WASHINGTON (Reuters) - The U.S. attorney’s office in Manhattan is investigating Paul Manafort for potential money laundering, according to media reports, adding to other federal and state probes targeting President Donald Trump’s former campaign manager.
The U.S. attorney for the Southern District of New York launched the probe in conjunction with federal special counsel Robert Mueller, the Wall Street Journal reported late on Tuesday. Bloomberg separately reported that subpoenas had been issued in the case.
Representatives for Manafort did not immediately respond to a request for comment on the reports. The Manhattan U.S. attorney’s office, led by acting U.S. attorney Joon Kim, had no comment.
The probe marks the latest investigation of Manafort that comes amid the ongoing larger examination of alleged Russian meddling in the 2016 presidential race and possible collusion by the Trump campaign and associates.
Separate investigations into Manafort’s financial transactions have been launched by New York Attorney General Eric Schneiderman and Manhattan District Attorney Cyrus Vance, including scrutiny of Manafort’s real estate deals.
U.S. investigators examining Manafort’s financial transactions are seeking to push him into cooperating with their probe into the possible collusion, two sources with direct knowledge of the investigation have said.
Manafort, who headed the Trump campaign for several months before resigning, has not been accused of any wrongdoing.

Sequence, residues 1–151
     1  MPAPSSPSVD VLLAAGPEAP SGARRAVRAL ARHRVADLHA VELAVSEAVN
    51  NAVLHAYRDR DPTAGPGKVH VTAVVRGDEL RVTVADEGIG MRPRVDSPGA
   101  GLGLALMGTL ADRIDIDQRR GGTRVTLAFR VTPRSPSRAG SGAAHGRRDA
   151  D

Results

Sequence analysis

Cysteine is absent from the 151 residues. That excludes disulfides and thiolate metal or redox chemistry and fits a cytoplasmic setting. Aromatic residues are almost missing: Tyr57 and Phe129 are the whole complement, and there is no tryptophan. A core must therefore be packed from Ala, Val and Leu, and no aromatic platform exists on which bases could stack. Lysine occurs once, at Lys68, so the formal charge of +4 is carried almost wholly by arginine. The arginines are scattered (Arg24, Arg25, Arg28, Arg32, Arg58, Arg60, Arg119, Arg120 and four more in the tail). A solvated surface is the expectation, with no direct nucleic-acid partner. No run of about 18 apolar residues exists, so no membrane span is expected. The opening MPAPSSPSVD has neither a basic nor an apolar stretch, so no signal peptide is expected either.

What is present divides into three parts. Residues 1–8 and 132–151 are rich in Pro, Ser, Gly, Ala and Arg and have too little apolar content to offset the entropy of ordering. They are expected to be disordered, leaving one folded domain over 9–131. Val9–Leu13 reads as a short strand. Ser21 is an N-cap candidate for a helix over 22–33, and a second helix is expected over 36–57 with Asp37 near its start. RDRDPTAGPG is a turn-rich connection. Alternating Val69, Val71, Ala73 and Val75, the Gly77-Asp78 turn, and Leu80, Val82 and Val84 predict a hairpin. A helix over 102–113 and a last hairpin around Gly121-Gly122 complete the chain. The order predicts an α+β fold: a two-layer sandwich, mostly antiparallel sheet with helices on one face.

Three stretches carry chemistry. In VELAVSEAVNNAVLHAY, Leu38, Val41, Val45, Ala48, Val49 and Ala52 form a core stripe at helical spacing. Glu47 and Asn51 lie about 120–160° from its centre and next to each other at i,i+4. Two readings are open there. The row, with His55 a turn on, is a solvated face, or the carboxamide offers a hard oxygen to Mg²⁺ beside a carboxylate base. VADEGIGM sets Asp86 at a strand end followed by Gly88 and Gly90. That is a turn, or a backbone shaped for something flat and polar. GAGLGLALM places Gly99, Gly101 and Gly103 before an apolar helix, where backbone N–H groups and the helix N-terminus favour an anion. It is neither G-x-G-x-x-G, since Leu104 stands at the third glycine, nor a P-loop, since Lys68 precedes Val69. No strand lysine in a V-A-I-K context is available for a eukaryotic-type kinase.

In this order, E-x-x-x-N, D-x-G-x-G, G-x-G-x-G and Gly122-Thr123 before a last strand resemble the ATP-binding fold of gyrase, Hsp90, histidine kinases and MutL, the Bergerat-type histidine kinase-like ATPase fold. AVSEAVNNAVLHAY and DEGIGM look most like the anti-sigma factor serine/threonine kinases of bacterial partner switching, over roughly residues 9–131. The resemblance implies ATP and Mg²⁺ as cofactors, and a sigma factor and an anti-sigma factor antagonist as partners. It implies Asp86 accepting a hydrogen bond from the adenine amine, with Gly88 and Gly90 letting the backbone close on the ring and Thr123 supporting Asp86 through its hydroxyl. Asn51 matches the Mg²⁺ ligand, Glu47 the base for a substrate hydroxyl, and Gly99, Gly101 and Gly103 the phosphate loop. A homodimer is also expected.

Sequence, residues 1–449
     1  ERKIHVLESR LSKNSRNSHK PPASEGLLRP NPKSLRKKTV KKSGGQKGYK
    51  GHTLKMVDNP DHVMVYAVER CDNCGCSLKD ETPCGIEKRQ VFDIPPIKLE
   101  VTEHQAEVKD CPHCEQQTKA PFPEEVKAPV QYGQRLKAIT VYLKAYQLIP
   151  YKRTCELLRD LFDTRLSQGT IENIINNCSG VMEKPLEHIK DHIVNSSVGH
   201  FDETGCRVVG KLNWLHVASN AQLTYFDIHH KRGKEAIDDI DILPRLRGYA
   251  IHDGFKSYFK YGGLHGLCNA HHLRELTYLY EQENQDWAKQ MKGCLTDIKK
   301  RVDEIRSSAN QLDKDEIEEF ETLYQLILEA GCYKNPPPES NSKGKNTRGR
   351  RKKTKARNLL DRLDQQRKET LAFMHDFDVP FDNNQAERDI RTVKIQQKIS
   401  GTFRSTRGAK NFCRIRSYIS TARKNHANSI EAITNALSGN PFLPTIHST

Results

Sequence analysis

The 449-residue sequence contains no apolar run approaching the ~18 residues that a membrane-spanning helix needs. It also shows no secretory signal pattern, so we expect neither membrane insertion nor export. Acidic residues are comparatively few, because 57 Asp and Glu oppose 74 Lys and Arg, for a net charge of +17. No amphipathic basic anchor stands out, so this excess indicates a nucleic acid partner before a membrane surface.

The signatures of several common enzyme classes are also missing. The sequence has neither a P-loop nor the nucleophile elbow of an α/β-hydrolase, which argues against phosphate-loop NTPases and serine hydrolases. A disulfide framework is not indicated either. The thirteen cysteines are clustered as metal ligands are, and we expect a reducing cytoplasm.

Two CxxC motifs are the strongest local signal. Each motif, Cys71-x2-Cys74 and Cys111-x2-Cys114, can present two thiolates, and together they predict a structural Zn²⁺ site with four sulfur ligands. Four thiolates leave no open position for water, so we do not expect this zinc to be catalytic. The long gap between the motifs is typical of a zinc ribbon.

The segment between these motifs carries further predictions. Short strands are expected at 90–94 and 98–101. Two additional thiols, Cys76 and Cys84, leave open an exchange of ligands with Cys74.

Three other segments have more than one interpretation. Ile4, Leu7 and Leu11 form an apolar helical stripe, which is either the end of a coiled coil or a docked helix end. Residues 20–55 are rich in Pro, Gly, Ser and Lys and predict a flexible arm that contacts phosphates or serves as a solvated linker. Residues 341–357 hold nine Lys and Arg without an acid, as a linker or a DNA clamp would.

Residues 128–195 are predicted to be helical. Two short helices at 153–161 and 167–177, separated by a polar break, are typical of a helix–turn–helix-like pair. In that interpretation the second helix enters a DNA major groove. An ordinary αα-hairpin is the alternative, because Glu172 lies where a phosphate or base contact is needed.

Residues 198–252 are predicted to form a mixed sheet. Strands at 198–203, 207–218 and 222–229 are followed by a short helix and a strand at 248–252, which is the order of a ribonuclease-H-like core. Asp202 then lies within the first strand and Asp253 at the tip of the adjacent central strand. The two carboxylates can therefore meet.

Mueller’s team and congressional investigators are also probing Manafort, whose Virginia apartment was raided by agents with the Federal Bureau of Investigation in July.
Russia has denied any meddling in the 2016 U.S. election. Trump has denied any collusion by his campaign and has condemned the investigation as a political witch hunt.
Reports of the latest probe come as Trump is poised to appoint dozens of new U.S. attorneys across the United States, including in New York after seeking mass resignations earlier this year.
Kim took over as the Manhattan U.S. attorney when Trump fired Preet Bharara as part of the wave of resignations in March.
Earlier this month, Politico reported that Trump personally interviewed at least two candidates for the positions in Manhattan and Brooklyn, an unusual move that raised some questions given Trump’s business roots in New York.
The Brooklyn U.S. attorney’s office is examining Kushner Cos, the company owned by the family of Trump’s son-in-law and White House adviser Jared Kushner, according to the Journal.
The White House and U.S. Attorney General Jeff Sessions have defended Trump’s right to talk with potential nominees, Politico said.
The U.S. Senate must approve whomever Trump nominates, a move that could be complicated by the Manafort and other probes.
Additional reporting by Karen Freifeld and Sarah Lynch; Writing by Susan Heavey; Editing by Tom Brown